My August "In the Cellar" column in the New York Sun takes a break from the restaurant scene in Gotham and spotlights one of the oldest and historic cellars in the nation, the bowling-alley-like wine hall at Antoine's in New Orleans. The generations-old restaurant is busy rebuilding its list after the complete destruction wrought by Katrina. At present, they're at 8,000 bottles, up from zero, but not near the 24,000 bottles the cellar can hold. Read and enjoy:
Starting From Scratch
The wine cellar at the New Orleans restaurant Antoine's, a 167-year-old, family-run establishment located on St. Louis Street in the French Quarter, is a spacious, 165-foot long corridor that ends at a small window looking out on Royal Street. Frequently, surprised strollers peering through the pane of glass will catch a sommelier pulling a bottle from one of the many bins. But anyone who happened to glance in during the days following Hurricane Katrina in 2005 would have unknowingly witnessed something heartbreaking. For two weeks following the storm, temperatures in the electricity-deprived cellar reached 105 degrees during the day, dipping a bit at night, and then bouncing back into the triple-digits each morning. By the time the owner of Antoine's, Rick Blount, finally returned to New Orleans to crank up some generators and self-contained air-conditioning units, he was the proud owner of 14,000 bottles of vinegar. "We tasted a bunch of them," Mr. Blount, who is the great-great-grandson of the restaurant's founder, Antoine Alciatore, said. "We just sat back here with a corkscrew. Every 10th bottle wasn't actually good, but you could chug it down. But nine times out of ten you couldn't even drink it."
The same scenario played out in other cellars in New Orleans, a city blessed with many old restaurants equipped with rich and rare wine collections.
Since the cellar's contents were insured, Mr. Blount loss was not a financial one Â-- well, not entirely. The restaurant's policy covered wines lost to spoilage, but it reimbursed only the bottle's original cost, not its value at the time the hurricane struck. "For every bottle of wine we had, we got paid what we bought it for," Mr. Blount said. "It had nothing to do with what it was worth." The difference between the inventory Antoine's had on the books and the provided replacement funds was about $100,000, he said.
What happened to the cellar contents after that is something of a mystery. According to Mr. Blount, the spoiled bottles were collected and carted away in a dump truck. They were then sold to an unknown buyer, put into two shipping containers and sent off to parts unknown. "Somebody's got that wine in a collection somewhere," he said. "It didn't get thrown away."
Mr. Blount was not allowed to bid on or buy back any of the old bottles. "We had a really nice collection of old Bordeaux," he said. "I would have liked to have bought at least one of every one of them and just put them on display."
One might assume that Mr. Blount, faced with an empty cellar, used the insurance money to frequent auction houses in hopes of replicating the decimated list of classic French wines. But he did exactly the opposite. Fearful of buying somebody else's junked wines, he treated 2005 as Year Zero and restocked his cellar with brand new vintages. "I said, Â'Let's start with wine that was bottled after Katrina. That way, I know,'" he said.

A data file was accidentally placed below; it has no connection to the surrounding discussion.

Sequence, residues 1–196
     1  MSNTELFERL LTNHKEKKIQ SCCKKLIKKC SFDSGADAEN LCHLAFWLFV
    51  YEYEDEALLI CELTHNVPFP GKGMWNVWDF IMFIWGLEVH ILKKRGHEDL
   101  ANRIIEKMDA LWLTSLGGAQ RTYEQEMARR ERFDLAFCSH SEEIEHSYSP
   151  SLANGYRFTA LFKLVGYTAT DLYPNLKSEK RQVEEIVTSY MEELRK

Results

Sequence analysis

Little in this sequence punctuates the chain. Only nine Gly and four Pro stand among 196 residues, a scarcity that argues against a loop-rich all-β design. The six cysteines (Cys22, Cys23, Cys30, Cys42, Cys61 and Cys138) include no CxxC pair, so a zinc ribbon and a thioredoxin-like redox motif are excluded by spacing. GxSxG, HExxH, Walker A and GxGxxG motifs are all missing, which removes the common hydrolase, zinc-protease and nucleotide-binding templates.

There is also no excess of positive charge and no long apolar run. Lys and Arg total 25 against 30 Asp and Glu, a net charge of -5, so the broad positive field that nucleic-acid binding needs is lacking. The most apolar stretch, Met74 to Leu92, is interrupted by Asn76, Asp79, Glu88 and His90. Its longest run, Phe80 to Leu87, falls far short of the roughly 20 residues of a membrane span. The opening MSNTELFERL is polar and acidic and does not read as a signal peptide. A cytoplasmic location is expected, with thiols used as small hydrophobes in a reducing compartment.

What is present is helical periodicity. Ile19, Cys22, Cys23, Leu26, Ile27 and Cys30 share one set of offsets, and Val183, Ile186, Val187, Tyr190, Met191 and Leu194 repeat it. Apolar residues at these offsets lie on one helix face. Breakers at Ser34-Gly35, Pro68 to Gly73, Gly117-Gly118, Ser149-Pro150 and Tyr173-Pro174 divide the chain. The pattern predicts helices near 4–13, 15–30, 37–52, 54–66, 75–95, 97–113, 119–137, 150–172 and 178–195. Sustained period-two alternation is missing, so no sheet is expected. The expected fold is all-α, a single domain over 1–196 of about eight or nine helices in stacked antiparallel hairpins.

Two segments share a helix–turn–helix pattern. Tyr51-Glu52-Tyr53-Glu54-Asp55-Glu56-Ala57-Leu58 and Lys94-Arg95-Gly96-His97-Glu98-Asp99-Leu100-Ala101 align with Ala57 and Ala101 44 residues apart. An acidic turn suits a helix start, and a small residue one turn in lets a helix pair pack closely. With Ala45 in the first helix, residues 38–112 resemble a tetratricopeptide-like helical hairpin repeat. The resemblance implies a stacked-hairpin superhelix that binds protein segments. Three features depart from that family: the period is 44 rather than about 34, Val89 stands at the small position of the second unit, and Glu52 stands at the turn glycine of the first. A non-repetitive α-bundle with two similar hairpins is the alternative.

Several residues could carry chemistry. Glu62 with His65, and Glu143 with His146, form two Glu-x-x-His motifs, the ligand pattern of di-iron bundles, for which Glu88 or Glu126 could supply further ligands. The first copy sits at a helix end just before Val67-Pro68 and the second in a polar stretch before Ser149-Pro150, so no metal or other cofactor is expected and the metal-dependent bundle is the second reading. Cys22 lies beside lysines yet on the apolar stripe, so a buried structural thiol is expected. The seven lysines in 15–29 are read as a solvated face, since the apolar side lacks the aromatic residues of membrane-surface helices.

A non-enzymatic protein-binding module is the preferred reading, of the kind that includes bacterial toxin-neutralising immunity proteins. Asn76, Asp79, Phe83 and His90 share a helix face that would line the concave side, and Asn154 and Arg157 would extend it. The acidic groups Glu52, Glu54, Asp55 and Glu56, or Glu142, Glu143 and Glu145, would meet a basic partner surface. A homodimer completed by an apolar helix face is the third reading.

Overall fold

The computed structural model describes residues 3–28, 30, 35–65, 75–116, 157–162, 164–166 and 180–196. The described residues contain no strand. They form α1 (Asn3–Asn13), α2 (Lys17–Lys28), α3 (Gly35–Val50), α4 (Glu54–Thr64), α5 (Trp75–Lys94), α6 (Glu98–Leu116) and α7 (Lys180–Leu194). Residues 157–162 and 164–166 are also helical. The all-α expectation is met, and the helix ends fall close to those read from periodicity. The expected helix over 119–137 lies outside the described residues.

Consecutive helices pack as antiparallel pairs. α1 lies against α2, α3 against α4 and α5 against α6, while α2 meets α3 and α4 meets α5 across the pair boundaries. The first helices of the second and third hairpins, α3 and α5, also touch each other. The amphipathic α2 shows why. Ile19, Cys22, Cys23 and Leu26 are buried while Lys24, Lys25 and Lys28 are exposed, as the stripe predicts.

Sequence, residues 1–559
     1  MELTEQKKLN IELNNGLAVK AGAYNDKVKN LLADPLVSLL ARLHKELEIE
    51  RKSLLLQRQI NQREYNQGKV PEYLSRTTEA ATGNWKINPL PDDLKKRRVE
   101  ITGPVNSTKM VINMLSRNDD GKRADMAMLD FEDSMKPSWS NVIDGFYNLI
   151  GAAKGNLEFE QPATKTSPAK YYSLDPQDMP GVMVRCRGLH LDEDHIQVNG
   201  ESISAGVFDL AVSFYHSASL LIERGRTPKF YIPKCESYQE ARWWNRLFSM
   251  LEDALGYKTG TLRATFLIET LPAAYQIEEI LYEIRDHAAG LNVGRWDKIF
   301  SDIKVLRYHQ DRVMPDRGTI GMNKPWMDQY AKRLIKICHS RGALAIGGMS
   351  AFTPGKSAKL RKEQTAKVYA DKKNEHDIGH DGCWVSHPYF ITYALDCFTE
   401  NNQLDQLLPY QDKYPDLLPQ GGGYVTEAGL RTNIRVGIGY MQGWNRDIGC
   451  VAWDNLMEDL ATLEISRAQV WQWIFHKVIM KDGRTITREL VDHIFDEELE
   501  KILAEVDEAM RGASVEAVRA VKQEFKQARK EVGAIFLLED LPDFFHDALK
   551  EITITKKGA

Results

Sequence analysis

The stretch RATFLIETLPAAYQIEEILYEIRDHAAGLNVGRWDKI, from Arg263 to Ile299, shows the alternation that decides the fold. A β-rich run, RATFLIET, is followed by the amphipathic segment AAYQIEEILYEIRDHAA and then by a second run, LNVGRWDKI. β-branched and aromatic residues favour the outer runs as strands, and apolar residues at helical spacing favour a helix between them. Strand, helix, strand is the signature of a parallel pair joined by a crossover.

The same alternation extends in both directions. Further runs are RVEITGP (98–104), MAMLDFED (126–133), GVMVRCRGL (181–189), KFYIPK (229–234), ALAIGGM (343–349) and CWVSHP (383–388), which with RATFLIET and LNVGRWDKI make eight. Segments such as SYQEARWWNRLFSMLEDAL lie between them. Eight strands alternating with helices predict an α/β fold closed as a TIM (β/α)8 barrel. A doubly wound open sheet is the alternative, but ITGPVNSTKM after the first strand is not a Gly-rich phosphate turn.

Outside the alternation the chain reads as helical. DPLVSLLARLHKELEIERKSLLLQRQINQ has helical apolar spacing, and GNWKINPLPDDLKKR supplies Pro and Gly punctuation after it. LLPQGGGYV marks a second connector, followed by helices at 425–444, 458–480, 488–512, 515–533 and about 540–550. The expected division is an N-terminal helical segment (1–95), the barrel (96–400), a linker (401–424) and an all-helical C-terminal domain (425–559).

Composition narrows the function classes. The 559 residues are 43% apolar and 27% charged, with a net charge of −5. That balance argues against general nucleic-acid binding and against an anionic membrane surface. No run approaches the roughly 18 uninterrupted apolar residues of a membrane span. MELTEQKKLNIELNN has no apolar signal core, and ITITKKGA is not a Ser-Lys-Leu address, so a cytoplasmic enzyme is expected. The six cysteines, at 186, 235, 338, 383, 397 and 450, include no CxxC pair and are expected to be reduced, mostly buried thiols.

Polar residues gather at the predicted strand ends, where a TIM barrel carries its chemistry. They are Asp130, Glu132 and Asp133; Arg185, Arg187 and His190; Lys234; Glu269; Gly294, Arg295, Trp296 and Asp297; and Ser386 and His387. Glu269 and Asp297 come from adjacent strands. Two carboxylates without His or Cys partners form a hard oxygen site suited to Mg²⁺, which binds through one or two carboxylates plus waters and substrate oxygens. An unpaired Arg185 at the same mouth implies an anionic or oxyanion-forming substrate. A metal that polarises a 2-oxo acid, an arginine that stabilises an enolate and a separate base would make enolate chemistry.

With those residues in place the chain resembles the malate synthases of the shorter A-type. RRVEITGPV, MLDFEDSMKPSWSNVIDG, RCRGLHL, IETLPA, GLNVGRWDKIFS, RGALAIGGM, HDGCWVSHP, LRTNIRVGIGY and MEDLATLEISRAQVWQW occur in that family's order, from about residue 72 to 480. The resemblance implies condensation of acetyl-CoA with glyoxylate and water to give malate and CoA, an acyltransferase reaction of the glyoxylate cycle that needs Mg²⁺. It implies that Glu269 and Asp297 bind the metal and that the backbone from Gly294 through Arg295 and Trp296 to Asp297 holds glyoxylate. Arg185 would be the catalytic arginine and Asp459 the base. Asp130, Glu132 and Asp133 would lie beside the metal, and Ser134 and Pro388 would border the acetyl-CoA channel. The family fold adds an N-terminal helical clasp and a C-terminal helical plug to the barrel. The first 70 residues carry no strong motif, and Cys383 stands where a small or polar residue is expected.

Mr. Blount and wine director Matthew Ousset also decided to venture beyond the Antoine's old stomping grounds of Bordeaux and Burgundy and purchase New World wines from all corners of the globe. The cellar, which has a 24,000-bottle capacity, is now one-third full, and growing. Of course, in a city as bound by ritual and loyalties as New Orleans is, tradition cannot be completely thrown out the window. "I have made exceptions to the general rule," Mr. Blount said. "I have a few customers who have specific interests. So, if there's one particular customer who wants one particular thing and has asked us to stock that, we've gone out and bought some stuff."
Antoine's has been up and running since December 29, 2005, but has faced significant challenges since reopening. At present, Mr. Blount is engaged in a battle with the city over the zoning of the restaurant's real estate holdings, which cover much of a city block. The dispute includes the long, narrow cellar. "It goes under several lots," he said. "My great-grandfather and my grandfather bought the majority of the property. They cut this tunnel through a bunch of buildings. In the 1800s nobody cared. My great-grandfather owned it all and he built his buildings wherever the hell he pleased. There was no such thing as a building code. Today I'm fighting with the City of New Orleans because the buildings aren't built with respect to the lot lines."
On top of that, Mr. Blount has an "egress problem." Fire codes say that no point in a storeroom can be more than 100 feet from an exit. The window on Royal Street sits 107 feet from the cellar door. Mr. Blount can only laugh. "I'm seven feet out of compliance," he said.
Well, can't he just move the door, which is positioned a few feet down a small side hall, seven feet closer? No, he answers. The building, its door included, is a landmark, and can't be altered.
So, there you have it. Antoine's wine cellar is not only one of the biggest and the oldest in America; it's also the most complicated.